Instead, Defendant cites to State v. von Bulow, 475 A.2d 995 (R.I. 1984). In von Bulow, decided approximately two months after the Jacobson decision was issued, the Rhode Island Supreme Court concluded upon the facts before it that the law enforcement conduct in that case was an expansion of the private actor's conduct. von Bulow, 475 A.2d at 1015-19. That analysis appears to be correct. But those are not the facts here, as I have found above, where Officer Noyes' actions provided him with no information beyond what Ms. Bogenschutz had learned. Defendant has cited to no facts that are inconsistent with this finding.

Defendant states that "after a private opening of the package, if a warrant can be acquired and the package left intact, then it should be done"(Dkt. No.10 at unnumbered 3), and cites to the decision in United States v. Durken, 335 F.Supp.922 (S.D.N.Y. 1971). First, this District Court decision predates the Supreme Court's decision in Jacobson. More importantly, the Durken court found that the police conduct exceeded the private actor conduct which, again, did not occur in this case.

Jacobson also provides the answer with respect to Investigator Keyes' field testing of a minute amount of the powder. "A field test that merely discloses whether or not a particular substance is cocaine does not compromise any legitimate interest in privacy." Jacobson, 466 U.S. at 123. Furthermore, "the destruction of the powder during the course of the field test was reasonable." Id. at 125. Defendant cites to the New York County Supreme Court case of People v. Pettinato, 484 N.Y.S.2d 428 (Sup.Ct.N.Y.Cty.1984), and to a California appellate case, People v. Leichty, 205 Cal.App.3d 914 (4th Dist.1984). The holdings in these cases, based upon Jacobson, were that field tests by law enforcement officials were not violative of the Fourth Amendment. Both courts went on to discuss the propriety of subsequent laboratory testing. Because the case here involves only a field test conducted by law enforcement, I do not understand how these cases support Defendant's position.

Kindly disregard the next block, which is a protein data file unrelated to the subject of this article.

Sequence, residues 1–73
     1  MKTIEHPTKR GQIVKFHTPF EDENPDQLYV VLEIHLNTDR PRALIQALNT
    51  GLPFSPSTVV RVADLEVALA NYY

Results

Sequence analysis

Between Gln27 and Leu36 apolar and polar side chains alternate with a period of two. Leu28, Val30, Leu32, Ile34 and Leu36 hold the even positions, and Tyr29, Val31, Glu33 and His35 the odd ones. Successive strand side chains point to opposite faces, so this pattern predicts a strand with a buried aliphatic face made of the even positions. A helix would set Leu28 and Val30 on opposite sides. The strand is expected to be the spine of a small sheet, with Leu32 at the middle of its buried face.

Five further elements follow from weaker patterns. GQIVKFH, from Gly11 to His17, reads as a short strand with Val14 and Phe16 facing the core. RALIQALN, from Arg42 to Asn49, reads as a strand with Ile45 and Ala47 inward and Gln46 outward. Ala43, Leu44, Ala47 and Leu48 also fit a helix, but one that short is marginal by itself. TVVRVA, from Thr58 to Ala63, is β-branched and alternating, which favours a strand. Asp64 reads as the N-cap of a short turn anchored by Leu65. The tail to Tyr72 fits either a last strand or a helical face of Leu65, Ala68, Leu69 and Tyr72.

3. Defendant Did Not Have a Reasonable Expectation of Privacy in the Purse

Because I have found that the conduct of Ms. Bogenschutz, Officer Noyes and Investigator Keyes was not regulated by the Fourth Amendment, I need not resolve whether at the time of their conduct Defendant had a reasonable expectation of privacy in the purse. Attson, 900 F.2d at 1431. I nevertheless will address the issue briefly, and I conclude that she did not.

I have found, and indeed it probably is beyond dispute, that Defendant had checked out of Room H144 prior to the time that Ms. Bogenschutz discovered the purse. At that point Defendant retained a property interest in the purse*fn5 but she did not have a legitimate expectation of privacy in it.

Applying these principles, we have held that when a hotel guest's rental period has expired or been lawfully terminated, the guest does not have a legitimate expectation of privacy in the hotel room or in any articles therein of which the hotel lawfully takes possession . . . . Cf. Abel v. United States, 362 U.S. 217, 241 (1960) (when defendant vacated room and hotel took exclusive possession, government agent's search of items left behind, with the consent of the hotel, was not wrongful). This rule applies even when the accused retains significant property interests in the seized item or place. For example, we have held that once the guest's access to the room is no longer his "exclusive right," he has no legitimate expectation of privacy in the room even though he himself still has access.

United States v. Rahme, 813 F.2d 31, 34 (2d Cir. 1987) (other citations omitted).

ACCORDINGLY, it is hereby ORDERED, that Defendant's motion to suppress (Dkt. No. 4) is DENIED.